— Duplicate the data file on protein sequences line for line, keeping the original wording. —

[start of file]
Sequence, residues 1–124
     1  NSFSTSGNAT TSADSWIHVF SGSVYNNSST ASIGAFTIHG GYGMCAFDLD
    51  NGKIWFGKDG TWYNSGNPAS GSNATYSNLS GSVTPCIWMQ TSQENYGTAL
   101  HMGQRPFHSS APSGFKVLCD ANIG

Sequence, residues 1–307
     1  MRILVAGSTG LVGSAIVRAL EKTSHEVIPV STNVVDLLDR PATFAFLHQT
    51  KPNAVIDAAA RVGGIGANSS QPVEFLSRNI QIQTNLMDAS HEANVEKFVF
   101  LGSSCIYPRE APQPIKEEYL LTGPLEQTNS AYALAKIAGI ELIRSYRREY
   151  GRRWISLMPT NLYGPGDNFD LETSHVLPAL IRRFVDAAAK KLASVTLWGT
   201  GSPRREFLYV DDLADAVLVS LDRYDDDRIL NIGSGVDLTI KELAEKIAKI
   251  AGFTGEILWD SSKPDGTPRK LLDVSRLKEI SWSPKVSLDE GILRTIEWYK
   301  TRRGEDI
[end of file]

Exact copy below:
Sequence, residues 1–124
     1  NSFSTSGNAT TSADSWIHVF SGSVYNNSST ASIGAFTIHG GYGMCAFDLD
    51  NGKIWFGKDG TWYNSGNPAS GSNATYSNLS GSVTPCIWMQ TSQENYGTAL
   101  HMGQRPFHSS APSGFKVLCD ANIG

Sequence, residues 1–307
     1  MRILVAGSTG LVGSAIVRAL EKTSHEVIPV STNVVDLLDR PATFAFLHQT
    51  KPNAVIDAAA RVGGIGANSS QPVEFLSRNI QIQTNLMDAS HEANVEKFVF
   101  LGSSCIYPRE APQPIKEEYL LTGPLEQTNS AYALAKIAGI ELIRSYRREY
   151  GRRWISLMPT NLYGPGDNFD LETSHVLPAL IRRFVDAAAK KLASVTLWGT
   201  GSPRREFLYV DDLADAVLVS LDRYDDDRIL NIGSGVDLTI KELAEKIAKI
   251  AGFTGEILWD SSKPDGTPRK LLDVSRLKEI SWSPKVSLDE GILRTIEWYK
   301  TRRGEDI